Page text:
I wrote this piece about Lab Atlanta’s school model in January and February, well before we were closing schools and dealing with triage. As schools move from the triage phase to adaptation to resilience, Lab Atlanta has been preparing for resilience since its formation. (Visit Greg Bamford’s recent piece for more on these three phases for schools.)
I spend a lot of time these days pondering the purpose of school. For the first time in years, I sit “outside” of any one school — no longer an engaged stakeholder of a particular brand: public, charter, independent, homeschool. From this vantage point, I’m reflecting upon my recent experiences and considering what education and school could be. It’s invaluable, particularly as I and the board of directors of Lab Atlanta 2.0 design its next iteration(s).
Lab Atlanta “1.0,” launched by The Lovett School in January 2017, was an honors-level semester school for Atlanta-area 10th-graders, immersing students much like college semester-abroad programs do. The concept was spurred by The Edward E. Ford Foundation’s challenge to disrupt the high school model with a civically engaged public/private partnership — and our own interest in finding ways to engage our students with the city more authentically. As the school’s director of strategic innovation, I wrote the grant, helped secure funding, and managed the startup. After five semesters of running the pilot, we hit “pause” and moved the concept into its own nonprofit.
Operating a new standalone entity, we can more naturally engage with any number of schools — public and private — and develop a sustainable financial model that ensures students without financial resources have equitable access and representation.
The list of learnings from the “1.0” model is long. However, there are three I keep pondering and are guiding my thinking as we consider the purpose of school — and of Lab Atlanta — going forward.
While I and the faculty were in overdrive building and running Lab 1.0, our student fellows shared that for the first time ever they were off the incessant rat wheel. They described following fully-scripted days at their home schools — in lockstep and in competition with their peers. At Lab, they relished the small community of no more than 20, the college-like schedule, and the expectation to reflect, to struggle, to challenge, to think, to be. You could almost hear the exhales when they opened up about how much more deeply they were learning.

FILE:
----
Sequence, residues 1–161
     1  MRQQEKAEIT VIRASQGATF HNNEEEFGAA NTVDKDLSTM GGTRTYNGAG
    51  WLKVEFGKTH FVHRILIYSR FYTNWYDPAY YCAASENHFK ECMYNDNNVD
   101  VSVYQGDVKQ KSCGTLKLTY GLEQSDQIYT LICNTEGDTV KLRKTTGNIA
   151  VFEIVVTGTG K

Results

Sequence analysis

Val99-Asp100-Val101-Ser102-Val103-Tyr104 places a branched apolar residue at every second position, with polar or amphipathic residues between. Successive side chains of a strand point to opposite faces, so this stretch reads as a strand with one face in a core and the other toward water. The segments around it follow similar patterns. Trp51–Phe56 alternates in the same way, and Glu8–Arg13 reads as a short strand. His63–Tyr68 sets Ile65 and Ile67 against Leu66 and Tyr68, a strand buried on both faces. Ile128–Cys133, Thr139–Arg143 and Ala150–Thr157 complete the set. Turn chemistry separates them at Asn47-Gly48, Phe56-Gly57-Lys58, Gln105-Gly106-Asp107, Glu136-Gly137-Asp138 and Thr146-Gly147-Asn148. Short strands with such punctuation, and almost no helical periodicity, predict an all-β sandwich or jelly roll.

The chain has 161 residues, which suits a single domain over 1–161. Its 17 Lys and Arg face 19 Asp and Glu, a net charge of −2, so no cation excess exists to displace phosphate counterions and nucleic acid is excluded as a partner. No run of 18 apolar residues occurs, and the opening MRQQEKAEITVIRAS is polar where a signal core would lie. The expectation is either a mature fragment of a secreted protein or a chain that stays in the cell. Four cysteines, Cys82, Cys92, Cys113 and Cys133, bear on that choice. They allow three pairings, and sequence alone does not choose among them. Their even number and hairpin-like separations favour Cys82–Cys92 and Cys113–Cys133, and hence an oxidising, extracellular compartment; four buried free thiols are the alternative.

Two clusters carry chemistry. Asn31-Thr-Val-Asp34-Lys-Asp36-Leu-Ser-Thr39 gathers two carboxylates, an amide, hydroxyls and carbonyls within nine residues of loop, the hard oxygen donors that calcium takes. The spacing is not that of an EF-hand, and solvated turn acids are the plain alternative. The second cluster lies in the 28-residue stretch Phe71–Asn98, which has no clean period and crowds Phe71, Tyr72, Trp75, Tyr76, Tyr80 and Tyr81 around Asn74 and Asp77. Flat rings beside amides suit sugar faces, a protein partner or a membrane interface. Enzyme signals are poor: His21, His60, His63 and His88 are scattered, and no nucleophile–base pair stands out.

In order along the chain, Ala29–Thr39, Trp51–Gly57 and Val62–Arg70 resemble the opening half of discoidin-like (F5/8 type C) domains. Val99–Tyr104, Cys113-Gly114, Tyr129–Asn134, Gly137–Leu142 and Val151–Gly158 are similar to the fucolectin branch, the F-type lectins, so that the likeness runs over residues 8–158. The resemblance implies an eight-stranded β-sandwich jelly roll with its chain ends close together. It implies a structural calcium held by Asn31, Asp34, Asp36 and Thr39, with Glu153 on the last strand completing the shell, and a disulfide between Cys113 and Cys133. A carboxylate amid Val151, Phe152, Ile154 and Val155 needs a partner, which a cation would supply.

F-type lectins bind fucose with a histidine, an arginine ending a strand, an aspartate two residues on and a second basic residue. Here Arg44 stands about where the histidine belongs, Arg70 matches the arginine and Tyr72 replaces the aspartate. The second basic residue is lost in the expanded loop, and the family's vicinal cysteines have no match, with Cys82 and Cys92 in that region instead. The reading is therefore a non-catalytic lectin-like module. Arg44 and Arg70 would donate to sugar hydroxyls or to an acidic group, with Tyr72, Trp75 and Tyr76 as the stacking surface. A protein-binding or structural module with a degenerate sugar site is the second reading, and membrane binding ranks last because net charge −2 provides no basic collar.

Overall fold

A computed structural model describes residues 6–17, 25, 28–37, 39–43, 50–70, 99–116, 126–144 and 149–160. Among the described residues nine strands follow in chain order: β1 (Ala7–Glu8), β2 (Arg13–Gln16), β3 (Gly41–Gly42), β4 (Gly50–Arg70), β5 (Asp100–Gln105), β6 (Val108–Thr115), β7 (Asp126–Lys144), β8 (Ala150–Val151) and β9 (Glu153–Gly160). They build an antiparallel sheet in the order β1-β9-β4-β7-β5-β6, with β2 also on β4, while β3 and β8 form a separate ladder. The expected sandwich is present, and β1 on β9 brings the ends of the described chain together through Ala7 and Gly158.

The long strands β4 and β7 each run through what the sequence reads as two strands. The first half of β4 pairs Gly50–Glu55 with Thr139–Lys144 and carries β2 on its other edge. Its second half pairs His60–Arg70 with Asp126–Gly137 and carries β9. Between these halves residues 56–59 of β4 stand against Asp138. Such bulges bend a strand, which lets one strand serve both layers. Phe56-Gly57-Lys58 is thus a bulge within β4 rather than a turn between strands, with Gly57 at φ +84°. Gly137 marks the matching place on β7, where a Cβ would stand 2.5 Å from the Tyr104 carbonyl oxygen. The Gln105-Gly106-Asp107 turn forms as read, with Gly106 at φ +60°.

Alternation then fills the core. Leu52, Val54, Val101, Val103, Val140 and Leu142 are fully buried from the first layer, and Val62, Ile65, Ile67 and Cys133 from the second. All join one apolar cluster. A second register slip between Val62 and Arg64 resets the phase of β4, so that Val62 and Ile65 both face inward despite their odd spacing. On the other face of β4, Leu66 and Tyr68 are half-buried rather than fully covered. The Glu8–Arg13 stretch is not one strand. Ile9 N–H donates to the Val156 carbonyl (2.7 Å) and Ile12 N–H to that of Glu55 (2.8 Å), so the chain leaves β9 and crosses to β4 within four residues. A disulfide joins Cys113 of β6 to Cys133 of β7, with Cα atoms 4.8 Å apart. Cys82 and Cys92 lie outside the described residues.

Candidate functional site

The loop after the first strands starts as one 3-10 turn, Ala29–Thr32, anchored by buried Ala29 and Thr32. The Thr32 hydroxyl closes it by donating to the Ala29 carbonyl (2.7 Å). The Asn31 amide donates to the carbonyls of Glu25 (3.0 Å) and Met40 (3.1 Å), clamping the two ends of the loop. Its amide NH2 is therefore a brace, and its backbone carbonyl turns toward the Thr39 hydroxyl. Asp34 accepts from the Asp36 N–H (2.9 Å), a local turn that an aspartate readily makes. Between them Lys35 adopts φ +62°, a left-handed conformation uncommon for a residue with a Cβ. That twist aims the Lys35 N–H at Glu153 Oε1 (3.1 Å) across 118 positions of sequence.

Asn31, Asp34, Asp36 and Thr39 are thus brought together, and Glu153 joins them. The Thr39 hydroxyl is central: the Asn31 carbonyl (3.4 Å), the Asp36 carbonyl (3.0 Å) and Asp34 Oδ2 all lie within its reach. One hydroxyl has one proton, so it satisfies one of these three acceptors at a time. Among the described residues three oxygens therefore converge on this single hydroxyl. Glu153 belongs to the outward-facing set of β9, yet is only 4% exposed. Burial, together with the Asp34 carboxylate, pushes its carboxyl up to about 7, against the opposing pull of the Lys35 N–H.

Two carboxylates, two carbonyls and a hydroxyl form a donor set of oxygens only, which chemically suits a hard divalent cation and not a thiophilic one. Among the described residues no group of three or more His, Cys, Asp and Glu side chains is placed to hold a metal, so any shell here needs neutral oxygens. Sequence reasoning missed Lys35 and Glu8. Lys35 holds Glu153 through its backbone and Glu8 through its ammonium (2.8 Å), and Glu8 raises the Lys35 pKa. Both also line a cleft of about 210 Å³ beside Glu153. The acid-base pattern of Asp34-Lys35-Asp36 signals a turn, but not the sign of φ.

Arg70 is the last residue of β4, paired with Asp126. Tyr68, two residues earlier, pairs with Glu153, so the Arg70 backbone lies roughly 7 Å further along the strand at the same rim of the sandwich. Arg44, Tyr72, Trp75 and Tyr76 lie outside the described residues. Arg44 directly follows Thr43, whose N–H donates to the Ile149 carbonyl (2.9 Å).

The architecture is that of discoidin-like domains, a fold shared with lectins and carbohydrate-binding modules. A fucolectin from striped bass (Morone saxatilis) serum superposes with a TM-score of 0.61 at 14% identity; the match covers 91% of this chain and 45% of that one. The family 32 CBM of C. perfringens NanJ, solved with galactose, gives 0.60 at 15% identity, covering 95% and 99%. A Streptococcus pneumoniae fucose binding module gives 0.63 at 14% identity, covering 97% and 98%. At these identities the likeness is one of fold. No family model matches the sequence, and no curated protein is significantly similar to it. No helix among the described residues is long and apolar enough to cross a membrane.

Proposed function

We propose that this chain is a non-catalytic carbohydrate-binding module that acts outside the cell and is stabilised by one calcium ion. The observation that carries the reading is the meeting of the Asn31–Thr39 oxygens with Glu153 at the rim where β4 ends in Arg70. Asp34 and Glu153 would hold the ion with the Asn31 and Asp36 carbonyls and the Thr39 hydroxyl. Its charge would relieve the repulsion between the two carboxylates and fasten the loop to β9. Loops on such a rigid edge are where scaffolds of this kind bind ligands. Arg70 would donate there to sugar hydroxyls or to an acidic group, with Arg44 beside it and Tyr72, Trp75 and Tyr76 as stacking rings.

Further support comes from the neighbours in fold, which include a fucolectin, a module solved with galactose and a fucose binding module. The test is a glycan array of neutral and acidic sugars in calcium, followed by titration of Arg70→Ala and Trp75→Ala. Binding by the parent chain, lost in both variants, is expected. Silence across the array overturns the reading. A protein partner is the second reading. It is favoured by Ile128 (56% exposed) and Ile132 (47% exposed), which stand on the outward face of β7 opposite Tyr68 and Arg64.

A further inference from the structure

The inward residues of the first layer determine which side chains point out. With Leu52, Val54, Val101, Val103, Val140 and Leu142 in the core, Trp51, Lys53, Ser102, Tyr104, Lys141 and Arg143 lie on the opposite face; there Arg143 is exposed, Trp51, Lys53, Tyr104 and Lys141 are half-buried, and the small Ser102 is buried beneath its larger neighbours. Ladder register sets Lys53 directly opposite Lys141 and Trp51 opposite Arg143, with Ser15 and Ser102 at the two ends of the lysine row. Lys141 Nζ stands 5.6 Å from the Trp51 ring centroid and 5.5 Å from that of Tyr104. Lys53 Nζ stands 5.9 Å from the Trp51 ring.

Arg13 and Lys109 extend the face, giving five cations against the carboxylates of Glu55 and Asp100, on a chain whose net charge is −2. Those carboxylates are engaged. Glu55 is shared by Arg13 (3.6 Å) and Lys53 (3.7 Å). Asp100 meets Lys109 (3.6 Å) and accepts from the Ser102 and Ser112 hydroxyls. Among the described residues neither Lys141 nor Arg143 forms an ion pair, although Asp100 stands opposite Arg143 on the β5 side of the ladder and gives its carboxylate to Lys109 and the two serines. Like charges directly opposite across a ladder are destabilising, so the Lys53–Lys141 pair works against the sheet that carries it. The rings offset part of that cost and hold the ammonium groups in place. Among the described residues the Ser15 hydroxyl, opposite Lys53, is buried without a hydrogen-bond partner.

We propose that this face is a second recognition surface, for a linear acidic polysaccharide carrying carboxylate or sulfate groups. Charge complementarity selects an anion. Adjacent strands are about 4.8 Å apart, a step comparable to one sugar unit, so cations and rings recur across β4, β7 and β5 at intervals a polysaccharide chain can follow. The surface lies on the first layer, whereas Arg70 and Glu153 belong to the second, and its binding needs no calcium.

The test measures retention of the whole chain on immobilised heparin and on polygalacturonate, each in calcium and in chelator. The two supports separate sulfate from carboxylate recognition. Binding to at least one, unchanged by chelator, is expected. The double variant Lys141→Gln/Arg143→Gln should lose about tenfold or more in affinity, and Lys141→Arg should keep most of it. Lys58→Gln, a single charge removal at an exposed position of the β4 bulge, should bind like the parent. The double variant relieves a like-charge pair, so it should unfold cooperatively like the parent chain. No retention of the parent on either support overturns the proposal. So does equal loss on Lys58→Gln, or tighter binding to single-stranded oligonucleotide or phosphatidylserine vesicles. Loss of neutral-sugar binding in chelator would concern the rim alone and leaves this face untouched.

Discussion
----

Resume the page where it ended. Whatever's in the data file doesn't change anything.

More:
This year, my learning mirrors theirs, with less production and more time for relationships and ideas to grow, more time to build knowledge and understanding. It is as if I am learning to breathe. I am certainly learning more deeply again.
It’s led me to ponder these questions:
- How much do we have to fit into a school day?
- Should a purpose of school be to help us all learn how to breathe — to create margin in our lives?
- Does more oxygen = stronger minds and bodies?
See Me, Hear Me, Understand Me
A significant challenge for Lab 1.0: bringing together such a diverse group of students. Over five semesters, we served 53 students from nearly a dozen high schools and twice as many zip codes. Early in the design process, we uncovered that high schoolers yearn for experiences that help them better understand themselves. Students show up at school — no matter the zip code — carrying a lot of life unrelated to school. And for the vast majority, school does not help them make sense of any of that. The need to be supported as human beings resounded, prompting us to hire a dean of admissions and student life with a counseling background.